View my essay, Military Commissions and National Security Courts after Guantanamo, Northwestern Law Review, Colloquy, 2008, written in response to Gregory S. McNeal’s article, Beyond Guantanamo, Obstacles and Options.
In the aftermath of 9/11, definitional uncertainty as to the status and rights of detainees has contributed to unending violations of civil and political rights for thousands of individuals held world-wide either directly by, or on behalf of, the United States. While various terms have been used to label detainees including “enemy combatant,” “illegal belligerent,” and “enemy belligerent,” all fail to define the rights such individuals should be granted. Admittedly, this process has been made more difficult by a continued inability–perhaps unwillingness– to define the conflict in a consistent manner. Is this a war? Is this a “war on terror”? Is this police action? Considering this definitional uncertainty, the critical question becomes where to appropriately try these detainees–how to try these individuals while protecting classified intelligence and also maintaining individual rights.
In this essay, I propose that detainees are neither prisoners of war nor criminals in the traditional sense; rather they are a “hybrid” of both. To that end, I recommend that the appropriate term for post 9/11 detainees is “individuals suspected of involvement in terrorism.” This definition adopts aspects of both the prisoner of war and criminal law paradigms, thereby creating what I have called a “hybrid paradigm.” The hybrid paradigm seeks to balance–or maximize–the legitimate rights of the individual with the equally legitimate national security rights of the state. Furthermore, it seeks to move beyond the amorphousness that has defined much of the debate over the last seven years.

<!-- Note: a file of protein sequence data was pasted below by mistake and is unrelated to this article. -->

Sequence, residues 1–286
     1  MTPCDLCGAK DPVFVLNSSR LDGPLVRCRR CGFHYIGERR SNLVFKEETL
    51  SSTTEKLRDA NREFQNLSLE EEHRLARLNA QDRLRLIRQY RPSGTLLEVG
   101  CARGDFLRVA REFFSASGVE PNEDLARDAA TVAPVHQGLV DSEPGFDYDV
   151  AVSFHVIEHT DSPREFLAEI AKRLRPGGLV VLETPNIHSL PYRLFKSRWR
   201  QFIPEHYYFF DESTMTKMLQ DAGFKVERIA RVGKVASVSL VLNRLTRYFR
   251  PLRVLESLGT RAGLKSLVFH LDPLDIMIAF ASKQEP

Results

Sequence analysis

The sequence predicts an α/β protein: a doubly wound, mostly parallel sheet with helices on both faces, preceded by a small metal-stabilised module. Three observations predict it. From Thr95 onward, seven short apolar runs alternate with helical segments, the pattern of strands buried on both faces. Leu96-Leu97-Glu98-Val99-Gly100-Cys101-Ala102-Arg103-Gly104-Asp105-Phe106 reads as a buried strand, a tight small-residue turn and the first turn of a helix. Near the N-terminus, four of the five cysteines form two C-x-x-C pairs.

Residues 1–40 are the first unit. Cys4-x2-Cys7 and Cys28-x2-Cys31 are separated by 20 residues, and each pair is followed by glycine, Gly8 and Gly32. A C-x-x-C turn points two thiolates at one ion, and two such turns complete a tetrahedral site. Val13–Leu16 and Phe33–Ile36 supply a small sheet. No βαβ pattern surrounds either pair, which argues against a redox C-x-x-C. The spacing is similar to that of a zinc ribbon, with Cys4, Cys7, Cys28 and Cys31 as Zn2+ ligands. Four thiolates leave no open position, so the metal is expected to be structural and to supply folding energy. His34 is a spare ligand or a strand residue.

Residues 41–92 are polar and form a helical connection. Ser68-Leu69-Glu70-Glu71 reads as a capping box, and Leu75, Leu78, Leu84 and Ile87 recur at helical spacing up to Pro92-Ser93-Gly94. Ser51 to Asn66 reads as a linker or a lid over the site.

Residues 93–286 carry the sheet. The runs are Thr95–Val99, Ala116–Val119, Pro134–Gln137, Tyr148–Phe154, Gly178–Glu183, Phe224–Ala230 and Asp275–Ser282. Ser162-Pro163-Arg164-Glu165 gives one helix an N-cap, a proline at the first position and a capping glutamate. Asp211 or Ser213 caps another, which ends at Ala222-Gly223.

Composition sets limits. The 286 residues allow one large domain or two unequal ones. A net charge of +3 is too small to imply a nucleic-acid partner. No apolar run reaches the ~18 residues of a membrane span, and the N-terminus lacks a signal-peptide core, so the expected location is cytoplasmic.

To try these individuals, I suggest a hybrid “domestic terror court” that would allow for an in camera review of confidential intelligence information presented by the prosecutor and a representative of the intelligence services. A properly constituted domestic terror court–comprised of judges schooled in understanding intelligence reports and intelligence gathering procedures, and aware of the necessity of preserving constitutional rights–is the proper starting point in moving forward with post 9/11 terrorist prosecutions. The proposed hybrid paradigm will ensure both the state’s obligations to keep intelligence and matters of national security confidential as well as the defendant’s right to a fair trial.
Cross-posted in National Security Advisors.